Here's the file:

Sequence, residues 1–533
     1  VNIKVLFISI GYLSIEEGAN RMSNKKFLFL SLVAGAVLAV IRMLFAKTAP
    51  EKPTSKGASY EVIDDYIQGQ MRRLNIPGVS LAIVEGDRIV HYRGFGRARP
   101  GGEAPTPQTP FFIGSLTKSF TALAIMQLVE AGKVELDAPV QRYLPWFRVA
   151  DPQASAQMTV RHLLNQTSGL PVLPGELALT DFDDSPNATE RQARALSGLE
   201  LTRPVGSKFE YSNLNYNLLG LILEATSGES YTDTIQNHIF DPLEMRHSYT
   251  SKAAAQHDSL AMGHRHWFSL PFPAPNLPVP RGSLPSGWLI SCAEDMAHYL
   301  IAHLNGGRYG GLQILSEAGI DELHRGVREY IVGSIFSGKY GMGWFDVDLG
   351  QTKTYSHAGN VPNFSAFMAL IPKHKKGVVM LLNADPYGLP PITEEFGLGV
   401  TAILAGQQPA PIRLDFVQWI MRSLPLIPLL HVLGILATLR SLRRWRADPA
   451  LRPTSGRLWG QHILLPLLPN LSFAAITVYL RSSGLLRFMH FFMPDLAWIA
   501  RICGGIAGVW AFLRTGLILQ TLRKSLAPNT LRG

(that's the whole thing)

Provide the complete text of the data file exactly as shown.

Sequence, residues 1–533
     1  VNIKVLFISI GYLSIEEGAN RMSNKKFLFL SLVAGAVLAV IRMLFAKTAP
    51  EKPTSKGASY EVIDDYIQGQ MRRLNIPGVS LAIVEGDRIV HYRGFGRARP
   101  GGEAPTPQTP FFIGSLTKSF TALAIMQLVE AGKVELDAPV QRYLPWFRVA
   151  DPQASAQMTV RHLLNQTSGL PVLPGELALT DFDDSPNATE RQARALSGLE
   201  LTRPVGSKFE YSNLNYNLLG LILEATSGES YTDTIQNHIF DPLEMRHSYT
   251  SKAAAQHDSL AMGHRHWFSL PFPAPNLPVP RGSLPSGWLI SCAEDMAHYL
   301  IAHLNGGRYG GLQILSEAGI DELHRGVREY IVGSIFSGKY GMGWFDVDLG
   351  QTKTYSHAGN VPNFSAFMAL IPKHKKGVVM LLNADPYGLP PITEEFGLGV
   401  TAILAGQQPA PIRLDFVQWI MRSLPLIPLL HVLGILATLR SLRRWRADPA
   451  LRPTSGRLWG QHILLPLLPN LSFAAITVYL RSSGLLRFMH FFMPDLAWIA
   501  RICGGIAGVW AFLRTGLILQ TLRKSLAPNT LRG